Coding, Billing, and Documentation
for Glaucoma Patients
Nov 8 2014
Jeffrey Restuccio, CPC, CPC-H, MBA
Everything you ever wanted to know about
coding and billing for glaucoma
• Miscellaneous Concepts
• Office Visits
• E & M
• Related Concepts
Educate your patients
• The Baltimore Eye Study proved that glaucoma can be hard to
diagnose. 50% of all people found to have glaucoma during
the study had seen an eye doctor within the past year and
were unaware that they had glaucoma.
• The Early Manifest Glaucoma Trial demonstrated that 50% of
patients with glaucoma, even if they had elevated IOPs most
of the time, had screening IOPs below 22 mm Hg.
• The Beaver Dam Eye Study reported that nearly one-third of
glaucoma patients can be classified as having NTG.
Educate your patients
• As of the year 2013, an estimated 2.2 million people in the
United States had glaucoma and more than 120,000 are
legally blind because of this disease.
• Studies estimate that 3-6 million people in the United States
alone, including 4-10% of the population older than 40 years,
have intraocular pressures of 21 mm Hg or higher, without
detectable signs of glaucomatous damage using current tests.
Medical Necessity for Glaucoma
• Glaucoma is not difficult. A glaucoma suspect diagnosis will support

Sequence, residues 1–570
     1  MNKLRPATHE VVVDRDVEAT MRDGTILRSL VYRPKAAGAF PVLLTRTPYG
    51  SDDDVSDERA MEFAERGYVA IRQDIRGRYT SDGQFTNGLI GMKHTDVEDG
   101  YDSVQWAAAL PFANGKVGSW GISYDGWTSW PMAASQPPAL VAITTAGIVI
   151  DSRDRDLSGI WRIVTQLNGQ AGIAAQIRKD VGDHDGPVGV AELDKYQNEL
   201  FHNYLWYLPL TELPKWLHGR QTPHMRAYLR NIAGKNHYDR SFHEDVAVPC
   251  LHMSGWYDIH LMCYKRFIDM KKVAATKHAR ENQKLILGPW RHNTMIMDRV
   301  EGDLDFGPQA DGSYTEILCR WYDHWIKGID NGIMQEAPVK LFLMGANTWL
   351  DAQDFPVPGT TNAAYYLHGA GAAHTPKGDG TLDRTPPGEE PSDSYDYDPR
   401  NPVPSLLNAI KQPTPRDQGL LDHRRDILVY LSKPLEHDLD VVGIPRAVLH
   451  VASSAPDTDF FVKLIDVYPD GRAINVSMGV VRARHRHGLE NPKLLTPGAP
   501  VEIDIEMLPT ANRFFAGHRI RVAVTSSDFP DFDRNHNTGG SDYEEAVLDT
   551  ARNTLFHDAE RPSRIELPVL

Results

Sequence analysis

most diagnostic tests.
• It the one-to-one linking of a diagnosis to a CPT code to support
• Some CPT codes require two diagnoses. (e.g., secondary glaucoma)
• Some CPT codes are paid only on a very specific diagnosis.
• The source for medical necessity information is the Medicare Local
• Without medical necessity, the procedure is a screening.
• This is the “catch 22” of healthcare.
• If unsure if paid, have the patient fill out an ABN (Medicare) or a
similar private carrier form stating they are responsible if the carrier
does not pay.
• Any procedure performed in the absence of a diagnosis
supporting medical necessity. Common examples would be:
• Fundus photography used as a baseline.
• Pachymetry when performed several years ago for glaucoma.
• Always link a routine vision exam (920xx code) to V72.0 if the
patient has not current or chronic medical condition.
Advance Beneficiary Notice (ABN)
• Required by Medicare if you want to bill the patient for a non-
covered service (does not meet medical necessity).
• Have the patient fill out the form. Explain that you may be
paid, but if not they are responsible.
• Append modifier GA to the code.
• Use with pachymetry or any screening without medical
necessity (e.g., fundus photography).
• Be sure you have the latest version. Download from the